KJ: How did you decide to have Amelia face real things in her life? Your books give good messages to young people.
JG: I think it goes back to that conversation I had with my friend Tony back in high school. My initial intention when I started writing "Amelia"...the first thing I did was write a really, really short story called "Freeze Tag". It's in the first chapter of The Whole World's Crazy. It was to be unbelievably light-hearted and nothing serious, but it just didn't feel like that was my voice and what I was best at doing. I had written a number of stories and it was more humorous than having anything serious in them.

Then the September 11th attack happened in 2001. I was having dinner with a friend named John Trogner and he said, " What are you going to do about this? In the book, how are you going to address this?" I told him I wasn't going to address it. And he said, "You have to." I wanted to know what he meant by I had to. He said, "Your audience is kids and kids will read this; they relate to Amelia and they are going to be thinking about this and it is your responsibility to write about this." And I thought, "Wow, that's farther that I ever thought I'd go."

But I wrote the Christmas story called, Amelia and the Other Side of Yuletide. Mostly it's about Amelia's trying to scam her parents. Using their divorce guilt to give her more presents. At the end of the story Amelia gives a monologue. If you read them now, it seems like she is talking about people who have difficulties and then there are people who have great difficulties and we should be grateful. At the time it was very obviously a reference of what happened because she is from New York and her dad still lived in New York. Once I did that, then all bets were off and it became a real world. Amelia had always felt like a real character to me, a real little girl.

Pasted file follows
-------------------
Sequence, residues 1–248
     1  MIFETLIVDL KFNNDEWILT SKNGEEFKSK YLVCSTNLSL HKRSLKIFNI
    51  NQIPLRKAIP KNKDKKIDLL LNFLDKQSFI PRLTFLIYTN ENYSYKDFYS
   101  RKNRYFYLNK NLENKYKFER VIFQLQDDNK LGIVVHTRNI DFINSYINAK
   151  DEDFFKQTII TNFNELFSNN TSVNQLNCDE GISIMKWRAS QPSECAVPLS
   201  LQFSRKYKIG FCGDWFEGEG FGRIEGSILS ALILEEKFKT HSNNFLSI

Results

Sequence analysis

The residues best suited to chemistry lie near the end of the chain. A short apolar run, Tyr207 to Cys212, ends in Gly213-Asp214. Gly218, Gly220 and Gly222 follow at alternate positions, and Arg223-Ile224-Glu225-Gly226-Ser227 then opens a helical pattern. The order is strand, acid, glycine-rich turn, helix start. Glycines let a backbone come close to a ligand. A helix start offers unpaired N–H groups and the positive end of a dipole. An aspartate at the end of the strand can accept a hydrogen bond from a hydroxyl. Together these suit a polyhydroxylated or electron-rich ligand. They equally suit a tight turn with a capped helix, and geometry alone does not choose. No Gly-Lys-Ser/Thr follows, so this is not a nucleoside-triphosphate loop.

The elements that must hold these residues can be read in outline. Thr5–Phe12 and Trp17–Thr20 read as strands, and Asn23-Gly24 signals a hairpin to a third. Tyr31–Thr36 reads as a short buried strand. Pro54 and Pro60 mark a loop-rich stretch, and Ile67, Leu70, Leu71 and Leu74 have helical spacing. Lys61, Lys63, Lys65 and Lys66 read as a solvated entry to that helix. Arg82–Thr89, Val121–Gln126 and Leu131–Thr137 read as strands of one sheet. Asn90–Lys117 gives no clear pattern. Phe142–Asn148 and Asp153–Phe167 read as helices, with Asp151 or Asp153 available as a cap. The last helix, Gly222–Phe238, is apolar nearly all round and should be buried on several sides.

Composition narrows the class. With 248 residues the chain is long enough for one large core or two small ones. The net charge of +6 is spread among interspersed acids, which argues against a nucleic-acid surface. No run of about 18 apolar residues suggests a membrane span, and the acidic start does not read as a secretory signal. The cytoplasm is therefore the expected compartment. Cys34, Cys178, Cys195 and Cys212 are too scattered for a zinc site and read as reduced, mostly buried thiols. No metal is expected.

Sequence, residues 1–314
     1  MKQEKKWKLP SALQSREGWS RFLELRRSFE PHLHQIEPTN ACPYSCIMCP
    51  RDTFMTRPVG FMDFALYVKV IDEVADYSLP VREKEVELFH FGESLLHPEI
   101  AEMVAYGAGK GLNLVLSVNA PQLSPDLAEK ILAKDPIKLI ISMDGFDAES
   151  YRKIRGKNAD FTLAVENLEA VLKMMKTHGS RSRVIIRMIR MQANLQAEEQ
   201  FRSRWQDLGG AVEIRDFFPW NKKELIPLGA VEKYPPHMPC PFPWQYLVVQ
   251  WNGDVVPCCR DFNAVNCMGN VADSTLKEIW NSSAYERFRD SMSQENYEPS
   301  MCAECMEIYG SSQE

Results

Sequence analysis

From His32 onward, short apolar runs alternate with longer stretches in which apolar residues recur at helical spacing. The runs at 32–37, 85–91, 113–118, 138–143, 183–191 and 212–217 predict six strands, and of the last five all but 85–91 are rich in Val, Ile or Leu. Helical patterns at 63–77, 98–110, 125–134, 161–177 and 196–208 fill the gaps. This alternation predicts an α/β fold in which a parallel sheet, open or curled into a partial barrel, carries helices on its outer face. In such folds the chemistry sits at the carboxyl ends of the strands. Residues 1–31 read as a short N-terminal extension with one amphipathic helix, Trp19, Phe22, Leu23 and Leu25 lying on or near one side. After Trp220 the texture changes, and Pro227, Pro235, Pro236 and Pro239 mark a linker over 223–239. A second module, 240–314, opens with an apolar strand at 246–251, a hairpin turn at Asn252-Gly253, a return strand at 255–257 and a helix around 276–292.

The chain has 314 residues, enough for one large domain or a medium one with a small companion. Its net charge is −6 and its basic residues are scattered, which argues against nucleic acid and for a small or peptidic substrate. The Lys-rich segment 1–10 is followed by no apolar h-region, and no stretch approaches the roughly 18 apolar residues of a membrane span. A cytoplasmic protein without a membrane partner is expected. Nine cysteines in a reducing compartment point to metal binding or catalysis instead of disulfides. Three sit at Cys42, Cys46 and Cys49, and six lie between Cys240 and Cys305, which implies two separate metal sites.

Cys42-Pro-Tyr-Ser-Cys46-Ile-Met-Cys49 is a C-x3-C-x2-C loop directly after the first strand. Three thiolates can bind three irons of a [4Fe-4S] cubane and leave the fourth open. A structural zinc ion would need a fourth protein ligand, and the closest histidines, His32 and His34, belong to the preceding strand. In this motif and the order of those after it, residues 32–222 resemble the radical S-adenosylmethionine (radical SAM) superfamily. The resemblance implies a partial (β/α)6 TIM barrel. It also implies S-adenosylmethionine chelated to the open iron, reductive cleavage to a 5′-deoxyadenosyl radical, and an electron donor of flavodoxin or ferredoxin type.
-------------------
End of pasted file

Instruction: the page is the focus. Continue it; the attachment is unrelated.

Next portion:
KJ: What is the most interesting activity that you do other than writing?
JG: You know what I like to do? I like to play the guitar. I've been playing since I was in 4th grade and I don't think I have gotten any better, but I like doing it.

KJ: What is your favorite food?
JG: That's easy. Cake! I wish I could say something more sophisticated like I have developed this great pallet. Oh, escargot is wonderful, but I like cake...most any kind of cake.

KJ: What's the best movie you have ever seen?
JG: You know, when I was very little, I would have thought the best movie was the Muppet Movie, and then Star Wars, and then it would have been Annie Hall, and then Pulp Fiction and now it is the Muppet Movie again.

(photo via

Monday, November 29, 2010

Hanukkah Read-Alouds

Children's Literature reviewer Lois Gross shares some of her favorite read-aloud titles, appropriate for ages 4 to 7, for Hanukkah this year.

I Have a Little Dreidel
Maxie Baum
Illustrated by Julie Paschkis
(Scholastic, 2006)
Great illustrations highlight the traditional song with added lyrics. Kids can help with the chorus.

Our Eight Nights of Hanukkah
Michael Rosen
Illustrated by Anne DiSalovo-Ryan
(Holiday House, 2000)
A child describes the night-by-night events of his family's holiday.

Hanukkah Haiku
Harriet Ziefert
Illustrated by Karla Gudeon
(Blue Apple Books, 2008)
Interesting, different approach to telling the holiday story in Haiku form. Pages open to reveal a different lit candle for each night.

Lots of Latkes: A Hanukkah Story
Sandy Lanton
Illustrated by Vicki Jo Redenbaugh
(Kar Ben, 2003)
This has a nice old tale feel to it. A shtetl community comes together to celebrate the holiday. Everyone is supposed to bring one item for the holiday meal, but they all end up bringing latkes.